Creation Justice: How could our connection with creation save the planet?
Environmental justice is certainly a phrase that cannot go unnoticed. Two simple words should flash any person a multitude of thoughts that interconnect a personal experience with a global motive. However, as there has been an exponential rise in growing concerns for the environment, have these words been overused and overlooked? In reality, maybe environmental justice does not fully express the plight of the marginalized. By contrast, the phrase “creation justice” is certainly one that sounds unique and quite foreign at first glance. For most, it invokes a sense of religious nature, potentially steering people away from this concept. However, after diving deeper into this very new phrase, there is potential for it to transcend simply religious nature and redefine true ministry for the earth. The debate amongst environmentalists when properly using their language is one that has been perpetuated through the years. Difficulty arises when attempting to make a distinction between the natural environment and cultural environment. However, isn’t this variation a crucial note when learning about an individual’s personal experience with environmental justice? This distinction holds incredible weight especially when dealing with the different lived experiences of people of color and those who are impoverished. Dorceta Taylor, an environmental professor from the University of Michigan, makes an important statement on this, “It's not necessarily that there is a 'black ecology' and 'white ecology.’ It's just that our lived experiences with the environment are different. White people bring their experience to the discussion — that's why they focus on the birds, trees, plants, and animals, because they don't have the experience of being barred from parks and beaches.” This reality is one that should never be discounted or overlooked. As evidenced by the disparity in access to the environment, you would think that the social implications of environmental justice would be recognized, but the debate is a difficult one for environmentalists.
In Laudato Si, an encyclical written in 2015 by Pope Francis, this debate is addressed with a connection to “creation justice.” Francis recognizes the plight of the marginalized and criticizes those who continue to use humans and the environment as a mean to an end. The encyclical is a historic address, recognizing a need to intertwine faith relations to come to a conclusion about environmental justice. Thus enters “creation justice,” a chance for a break in these artificial divides between human and nature. In and of itself, creation is implying a beauty in a commonality we all share: life itself. Creation is no coincidence, and rather than actively choosing to be created, we have been given the world itself free of charge. In Genesis 1:26, it is stated, “And let them have dominion over the fish of the sea and over the birds of the heavens and over the livestock and over all the earth and over every creeping thing that creeps on the earth.” By simply being alive, we as humans are given the responsibility to be stewards of what has been given. Beyond simply the bond “creation justice” forms between mankind, it more importantly pushes for the dignity of all people. As creation references a relationship with God, it is then implied that there should be movement toward forming correct relationships among all of God’s creation. “Creation justice” is a holistic ecology, encouraging an understanding of the world through culture, environment, and humanity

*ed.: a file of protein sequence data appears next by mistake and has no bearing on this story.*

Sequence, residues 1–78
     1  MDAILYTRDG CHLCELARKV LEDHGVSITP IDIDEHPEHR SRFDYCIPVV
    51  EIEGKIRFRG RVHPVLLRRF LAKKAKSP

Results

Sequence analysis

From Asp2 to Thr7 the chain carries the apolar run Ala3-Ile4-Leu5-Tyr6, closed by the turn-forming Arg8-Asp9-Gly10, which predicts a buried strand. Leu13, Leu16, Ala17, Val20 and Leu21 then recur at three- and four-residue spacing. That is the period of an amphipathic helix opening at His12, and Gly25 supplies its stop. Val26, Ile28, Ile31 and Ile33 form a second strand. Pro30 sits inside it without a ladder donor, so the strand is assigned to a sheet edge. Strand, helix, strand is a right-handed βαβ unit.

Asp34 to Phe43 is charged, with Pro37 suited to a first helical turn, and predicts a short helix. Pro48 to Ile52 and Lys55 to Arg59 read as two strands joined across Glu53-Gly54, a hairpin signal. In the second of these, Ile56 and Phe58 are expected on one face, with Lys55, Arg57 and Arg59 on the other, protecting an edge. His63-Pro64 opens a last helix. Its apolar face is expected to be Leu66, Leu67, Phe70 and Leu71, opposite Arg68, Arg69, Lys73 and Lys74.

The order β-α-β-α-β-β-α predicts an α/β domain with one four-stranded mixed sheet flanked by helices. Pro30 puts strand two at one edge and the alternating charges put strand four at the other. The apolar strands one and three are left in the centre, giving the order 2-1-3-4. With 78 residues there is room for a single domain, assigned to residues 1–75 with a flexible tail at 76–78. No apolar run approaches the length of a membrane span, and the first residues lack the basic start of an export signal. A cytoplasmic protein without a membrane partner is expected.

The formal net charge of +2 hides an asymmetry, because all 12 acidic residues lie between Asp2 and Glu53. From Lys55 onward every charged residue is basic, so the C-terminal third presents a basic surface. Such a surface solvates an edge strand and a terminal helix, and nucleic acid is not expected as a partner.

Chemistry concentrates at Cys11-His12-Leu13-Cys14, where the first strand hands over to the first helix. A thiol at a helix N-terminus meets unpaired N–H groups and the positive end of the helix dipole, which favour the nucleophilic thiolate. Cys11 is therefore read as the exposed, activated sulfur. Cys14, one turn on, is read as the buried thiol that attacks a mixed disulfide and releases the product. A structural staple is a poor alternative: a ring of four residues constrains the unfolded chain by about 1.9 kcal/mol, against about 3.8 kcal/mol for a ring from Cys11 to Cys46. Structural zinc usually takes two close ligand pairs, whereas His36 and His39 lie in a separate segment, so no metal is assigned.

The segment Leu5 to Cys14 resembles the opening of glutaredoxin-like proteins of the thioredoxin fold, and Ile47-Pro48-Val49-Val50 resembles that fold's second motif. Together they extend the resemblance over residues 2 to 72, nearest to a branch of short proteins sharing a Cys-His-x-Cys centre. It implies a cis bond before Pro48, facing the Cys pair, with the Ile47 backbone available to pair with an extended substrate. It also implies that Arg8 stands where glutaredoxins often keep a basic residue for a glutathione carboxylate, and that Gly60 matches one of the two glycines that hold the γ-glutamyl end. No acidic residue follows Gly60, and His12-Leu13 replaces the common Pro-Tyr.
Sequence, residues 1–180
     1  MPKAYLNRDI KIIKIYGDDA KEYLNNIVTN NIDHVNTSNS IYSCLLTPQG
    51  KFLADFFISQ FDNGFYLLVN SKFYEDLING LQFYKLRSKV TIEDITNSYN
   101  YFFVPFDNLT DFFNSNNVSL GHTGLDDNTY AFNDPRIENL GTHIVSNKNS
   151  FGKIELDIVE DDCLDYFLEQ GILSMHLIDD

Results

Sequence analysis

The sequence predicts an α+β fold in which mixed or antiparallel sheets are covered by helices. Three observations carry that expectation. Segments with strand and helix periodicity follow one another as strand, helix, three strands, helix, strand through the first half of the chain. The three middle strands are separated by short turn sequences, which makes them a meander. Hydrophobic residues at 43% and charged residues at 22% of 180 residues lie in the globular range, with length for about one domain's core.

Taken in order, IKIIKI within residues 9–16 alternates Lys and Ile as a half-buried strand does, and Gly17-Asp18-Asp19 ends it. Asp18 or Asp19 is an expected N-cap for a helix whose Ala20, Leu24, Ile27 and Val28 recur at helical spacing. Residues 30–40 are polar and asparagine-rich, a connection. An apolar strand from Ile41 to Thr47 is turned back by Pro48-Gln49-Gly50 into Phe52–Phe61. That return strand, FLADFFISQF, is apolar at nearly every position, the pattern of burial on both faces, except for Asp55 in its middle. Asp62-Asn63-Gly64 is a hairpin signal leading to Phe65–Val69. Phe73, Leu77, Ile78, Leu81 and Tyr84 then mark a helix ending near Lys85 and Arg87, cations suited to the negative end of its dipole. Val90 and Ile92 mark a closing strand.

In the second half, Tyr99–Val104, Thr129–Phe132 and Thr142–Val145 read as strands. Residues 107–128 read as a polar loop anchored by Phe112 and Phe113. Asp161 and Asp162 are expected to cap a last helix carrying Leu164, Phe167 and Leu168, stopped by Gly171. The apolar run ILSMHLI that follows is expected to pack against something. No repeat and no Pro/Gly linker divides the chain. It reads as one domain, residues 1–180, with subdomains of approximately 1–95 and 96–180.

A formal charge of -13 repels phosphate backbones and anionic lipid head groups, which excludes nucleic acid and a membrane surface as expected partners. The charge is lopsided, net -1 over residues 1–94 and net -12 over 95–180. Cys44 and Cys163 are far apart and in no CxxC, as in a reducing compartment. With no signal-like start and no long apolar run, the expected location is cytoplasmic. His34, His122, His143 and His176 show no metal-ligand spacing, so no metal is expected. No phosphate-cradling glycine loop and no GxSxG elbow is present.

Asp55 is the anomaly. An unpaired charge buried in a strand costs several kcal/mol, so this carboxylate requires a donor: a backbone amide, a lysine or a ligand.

By utilizing the term “creation,” a humble self awareness should be applied to all people. In being placed on this earth, it is a necessity to understand our existence and act in redeeming nature. “Creation justice” is not a phrase simply meant to address a dispute of words, it is one meant to alter society’s state of mind. Looking to the future, this form of justice is meant to protect the beauty of the planet we have been given and ensure the safety of God’s people, providing motivation to work collectively as a human race to remedy the damage we have done.
Written by Brady O'Gara
Mission and Ministry Liaison